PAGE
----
Seven-year-old Amanda pensively chews on a lock of her hair, absorbed by her parents' rising voices. Meanwhile, her 5-year-old brother stares deeply into his bowl, using his spoon to whip the cornflakes into a mushy blur.

"You can't just toast her another waffle when she doesn't like the first one you made! You have to be firm, or she'll walk all over you!"

"But the pediatrician said her weight is on the low side. We're supposed to get her to eat. If you really cared about this you wouldn't criticize me, you'd help me!"

"The point is that you just can't set limits! You're like a jellyfish. It's no wonder she's so picky and skinny. I had to eat whatever I was served when I was a kid, and she can too."

"I grew up with parents like you, and I'm not going to bully my kids the way they did. I care about our kids' feelings, even if you don't. So get out of my way and let me finish giving them breakfast!"

No two parents think exactly alike, and arguments are bound to happen. Both parents in the story above love their children and want to do what's right for them. Yet, their honest disagreements are tarnished by contempt, personal attacks and an inability to hear each other. Perhaps this is how their parents argued when they were children. Even if we don't want to, we often end up repeating the mistakes we learned from our families when we were growing up.

What do you imagine Amanda and her little brother will learn from their parents' argument today? Will they learn how people who love each other can have heated disagreements that lead to hurt and anger? Or, will they learn that disagreements can be passionate and intense, but still be handled with mutual respect and a sincere desire to work together to solve family problems?

Parents who choose to change their most bitter arguments into productive discussions often make a conscious decision to do this for their children, not just themselves. These changes can have real and lasting benefits for everyone in the family, as well as for the relationship between the parents.

Here are some suggestions for how to have healthy disagreements between you and your partner:

  • Pick a better time to talk. Disagreements usually become more intense when they are dealt with under pressure. Few things get worse, and many things get better, when you postpone the conversation to a more relaxed and calm time.

    "Look, this isn't the time to have this conversation. We're feeling rushed because we need to finish breakfast and get ready for the day. I can talk about this later tonight or we can make time to talk about it this weekend-you choose."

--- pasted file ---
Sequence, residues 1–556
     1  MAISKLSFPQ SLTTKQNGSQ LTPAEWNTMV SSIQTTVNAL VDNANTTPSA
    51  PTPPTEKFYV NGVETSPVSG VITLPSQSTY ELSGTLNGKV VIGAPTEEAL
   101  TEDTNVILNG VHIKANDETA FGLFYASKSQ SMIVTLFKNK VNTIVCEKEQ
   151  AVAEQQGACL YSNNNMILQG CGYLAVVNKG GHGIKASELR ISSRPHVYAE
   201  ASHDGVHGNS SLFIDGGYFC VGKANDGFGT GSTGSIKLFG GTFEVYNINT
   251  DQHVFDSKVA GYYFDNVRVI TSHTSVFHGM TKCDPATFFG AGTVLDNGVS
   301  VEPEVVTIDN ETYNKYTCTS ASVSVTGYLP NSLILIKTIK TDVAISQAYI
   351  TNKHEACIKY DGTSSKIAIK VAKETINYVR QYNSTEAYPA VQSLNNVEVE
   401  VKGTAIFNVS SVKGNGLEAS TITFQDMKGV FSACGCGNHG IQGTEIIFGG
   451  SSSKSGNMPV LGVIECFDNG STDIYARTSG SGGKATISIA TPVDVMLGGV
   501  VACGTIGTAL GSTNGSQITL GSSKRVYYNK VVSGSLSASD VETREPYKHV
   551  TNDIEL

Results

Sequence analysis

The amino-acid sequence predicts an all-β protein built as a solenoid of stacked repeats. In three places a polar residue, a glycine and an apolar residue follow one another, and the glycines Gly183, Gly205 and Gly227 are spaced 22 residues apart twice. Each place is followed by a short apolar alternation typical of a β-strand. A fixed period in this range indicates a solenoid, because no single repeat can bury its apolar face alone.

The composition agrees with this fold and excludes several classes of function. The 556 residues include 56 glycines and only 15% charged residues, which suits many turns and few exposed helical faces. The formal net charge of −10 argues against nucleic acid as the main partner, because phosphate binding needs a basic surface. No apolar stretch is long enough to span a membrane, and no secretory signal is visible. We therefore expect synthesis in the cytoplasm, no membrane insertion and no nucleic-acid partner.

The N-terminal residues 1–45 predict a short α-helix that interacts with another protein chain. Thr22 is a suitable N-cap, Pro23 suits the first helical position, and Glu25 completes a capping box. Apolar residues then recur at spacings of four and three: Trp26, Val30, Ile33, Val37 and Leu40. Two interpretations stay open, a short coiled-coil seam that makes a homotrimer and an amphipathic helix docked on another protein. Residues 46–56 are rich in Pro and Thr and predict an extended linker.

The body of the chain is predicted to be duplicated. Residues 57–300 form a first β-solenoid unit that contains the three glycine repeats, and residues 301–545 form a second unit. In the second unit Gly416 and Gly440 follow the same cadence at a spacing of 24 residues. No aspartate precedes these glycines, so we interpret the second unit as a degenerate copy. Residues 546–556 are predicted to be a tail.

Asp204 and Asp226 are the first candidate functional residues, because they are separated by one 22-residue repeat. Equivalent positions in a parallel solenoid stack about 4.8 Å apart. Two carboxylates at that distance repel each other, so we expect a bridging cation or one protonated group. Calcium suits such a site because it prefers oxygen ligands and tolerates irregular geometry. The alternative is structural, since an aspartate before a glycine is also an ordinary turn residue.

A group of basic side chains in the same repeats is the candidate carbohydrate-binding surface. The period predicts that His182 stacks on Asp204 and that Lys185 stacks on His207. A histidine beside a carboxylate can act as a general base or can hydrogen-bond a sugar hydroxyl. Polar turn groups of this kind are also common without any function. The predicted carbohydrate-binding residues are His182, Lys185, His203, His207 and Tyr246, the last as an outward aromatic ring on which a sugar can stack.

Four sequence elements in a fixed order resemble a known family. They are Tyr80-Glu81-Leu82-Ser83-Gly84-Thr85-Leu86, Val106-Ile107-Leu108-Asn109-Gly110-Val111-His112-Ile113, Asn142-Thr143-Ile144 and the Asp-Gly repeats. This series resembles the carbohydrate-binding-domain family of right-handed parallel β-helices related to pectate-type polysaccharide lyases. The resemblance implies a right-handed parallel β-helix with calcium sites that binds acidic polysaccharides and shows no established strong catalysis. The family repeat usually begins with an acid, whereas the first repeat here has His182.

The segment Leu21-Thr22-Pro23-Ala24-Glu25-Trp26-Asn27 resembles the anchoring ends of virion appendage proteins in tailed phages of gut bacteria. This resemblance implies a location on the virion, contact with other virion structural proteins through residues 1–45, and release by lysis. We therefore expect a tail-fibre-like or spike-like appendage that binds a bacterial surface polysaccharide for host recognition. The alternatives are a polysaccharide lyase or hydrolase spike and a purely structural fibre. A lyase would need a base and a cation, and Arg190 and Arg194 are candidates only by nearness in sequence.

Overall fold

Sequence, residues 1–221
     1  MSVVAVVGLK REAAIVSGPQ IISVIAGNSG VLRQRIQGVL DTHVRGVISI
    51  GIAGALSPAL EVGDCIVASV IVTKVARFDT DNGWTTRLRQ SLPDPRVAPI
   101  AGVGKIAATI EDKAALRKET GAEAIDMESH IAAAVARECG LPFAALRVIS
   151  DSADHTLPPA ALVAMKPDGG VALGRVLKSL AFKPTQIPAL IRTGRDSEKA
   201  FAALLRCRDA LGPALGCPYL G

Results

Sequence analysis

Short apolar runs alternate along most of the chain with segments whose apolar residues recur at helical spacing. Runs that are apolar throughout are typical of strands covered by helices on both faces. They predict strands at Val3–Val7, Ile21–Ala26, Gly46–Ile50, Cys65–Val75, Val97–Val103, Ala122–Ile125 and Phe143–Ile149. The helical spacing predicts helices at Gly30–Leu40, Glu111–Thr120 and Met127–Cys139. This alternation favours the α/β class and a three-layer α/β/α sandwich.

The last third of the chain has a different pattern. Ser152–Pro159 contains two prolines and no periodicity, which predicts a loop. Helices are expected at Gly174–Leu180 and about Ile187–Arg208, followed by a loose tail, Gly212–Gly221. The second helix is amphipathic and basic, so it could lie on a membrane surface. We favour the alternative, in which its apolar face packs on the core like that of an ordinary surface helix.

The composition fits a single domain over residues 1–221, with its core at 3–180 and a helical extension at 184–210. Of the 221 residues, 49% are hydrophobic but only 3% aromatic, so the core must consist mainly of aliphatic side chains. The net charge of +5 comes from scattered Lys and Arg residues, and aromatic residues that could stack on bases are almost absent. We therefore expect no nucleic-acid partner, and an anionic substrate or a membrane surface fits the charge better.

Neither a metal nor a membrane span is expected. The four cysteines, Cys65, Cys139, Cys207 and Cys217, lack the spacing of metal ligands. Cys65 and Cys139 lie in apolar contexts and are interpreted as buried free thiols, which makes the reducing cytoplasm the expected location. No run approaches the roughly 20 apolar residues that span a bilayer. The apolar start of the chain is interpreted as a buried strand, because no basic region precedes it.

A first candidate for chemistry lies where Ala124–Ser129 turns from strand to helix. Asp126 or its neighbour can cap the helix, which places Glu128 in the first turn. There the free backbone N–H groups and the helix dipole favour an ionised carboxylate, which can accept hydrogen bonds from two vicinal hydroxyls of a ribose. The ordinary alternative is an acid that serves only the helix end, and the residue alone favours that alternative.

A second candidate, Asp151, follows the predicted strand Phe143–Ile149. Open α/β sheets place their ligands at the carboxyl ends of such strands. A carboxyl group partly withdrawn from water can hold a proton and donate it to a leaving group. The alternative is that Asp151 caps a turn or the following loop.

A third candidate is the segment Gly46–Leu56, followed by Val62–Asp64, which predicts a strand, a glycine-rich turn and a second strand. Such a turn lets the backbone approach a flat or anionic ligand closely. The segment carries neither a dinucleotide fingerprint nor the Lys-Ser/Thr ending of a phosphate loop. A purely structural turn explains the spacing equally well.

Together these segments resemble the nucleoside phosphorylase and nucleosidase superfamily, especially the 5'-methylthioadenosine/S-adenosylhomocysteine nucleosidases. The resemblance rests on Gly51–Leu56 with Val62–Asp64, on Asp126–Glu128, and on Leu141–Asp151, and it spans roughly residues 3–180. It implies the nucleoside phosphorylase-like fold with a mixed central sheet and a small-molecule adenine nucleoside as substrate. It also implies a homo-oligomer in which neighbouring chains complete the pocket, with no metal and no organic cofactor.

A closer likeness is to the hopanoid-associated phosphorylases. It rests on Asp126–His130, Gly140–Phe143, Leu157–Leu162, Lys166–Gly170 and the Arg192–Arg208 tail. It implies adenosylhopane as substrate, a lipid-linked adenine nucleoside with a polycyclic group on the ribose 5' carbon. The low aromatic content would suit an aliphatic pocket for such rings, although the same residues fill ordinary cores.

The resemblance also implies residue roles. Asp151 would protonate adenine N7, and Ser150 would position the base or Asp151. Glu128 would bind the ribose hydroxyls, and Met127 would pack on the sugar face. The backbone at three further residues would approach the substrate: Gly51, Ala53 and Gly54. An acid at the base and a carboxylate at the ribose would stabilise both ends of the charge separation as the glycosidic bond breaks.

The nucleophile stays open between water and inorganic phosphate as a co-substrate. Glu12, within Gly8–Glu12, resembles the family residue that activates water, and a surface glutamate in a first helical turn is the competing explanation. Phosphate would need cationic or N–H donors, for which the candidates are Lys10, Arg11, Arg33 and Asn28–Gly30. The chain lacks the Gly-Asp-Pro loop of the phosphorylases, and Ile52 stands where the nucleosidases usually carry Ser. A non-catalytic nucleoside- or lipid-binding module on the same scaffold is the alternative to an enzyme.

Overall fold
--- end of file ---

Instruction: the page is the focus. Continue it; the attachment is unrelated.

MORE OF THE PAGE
• Use "I-statements" to express your thoughts and ideas. "You-statements" about what you think the other person is doing wrong will invariably sound accusatory and can put your partner on the defensive.

    "I think it's a bad idea to give Amanda too many choices about what she can eat. We're teaching her that she can make endless demands that way."

    "Well, I think the important thing is she needs to eat something. The first waffle was burnt on the corner and she is very sensitive to the way things taste. I don't think making her eat a burnt waffle is going to teach her anything, either."

  • Point the finger at the problem, not the person. Then explore possible solutions to the problem.

    "So the problem, as I see it, is 'not giving the kids too many choices, so that they don't become too picky and hard to please.' Is that something you can agree with?"

    "I think you're right. Giving the kids too many choices isn't good. Maybe we can offer two or three choices about what to have for breakfast, and no more than that."

  • Ask your partner first if he wants help dealing with a child's misbehavior.

    "Amanda, I'm telling you again, you have to sit up in your chair! Your hair keeps getting in the syrup."

    "Do you need any help? Do you want me to say something to her?"

    "No, I've got it, thanks."

  • Let your children see that you respect each other and back each other up.

    "What if Amanda doesn't like the choices I give her? What if she goes to you with her 'puppy dog eyes' and says she's hungry? Will you go offer her more choices?"

    "No! That's not right. It'll be hard, but I'll stay out of it. I'll back you up, and I want you to back me up, too."

    Every family disagreement is a learning experience for children and for parents as well. Even parents' disagreements have useful lessons to teach, if we handle them well.

Take Away Points

  • Choose calmer, less pressured times to talk about your disagreements. Discussions often escalate into arguments in the heat of the moment.

  • Use "I-statements" to share your point of view, not "You-statements" that often sound like personal attacks.

  • Point the finger at the problem and focus on solutions to that problem.

  • Ask your partner first before jumping into the situation between your partner and the child.

  • Back each other up in dealing with your children. If you have questions or complaints about how your partner handled the situation, have that conversation later.


Emory Luce Baldwin is a family therapist and certified parent educator with the Parent Encouragement Program (PEP). PEPparent.org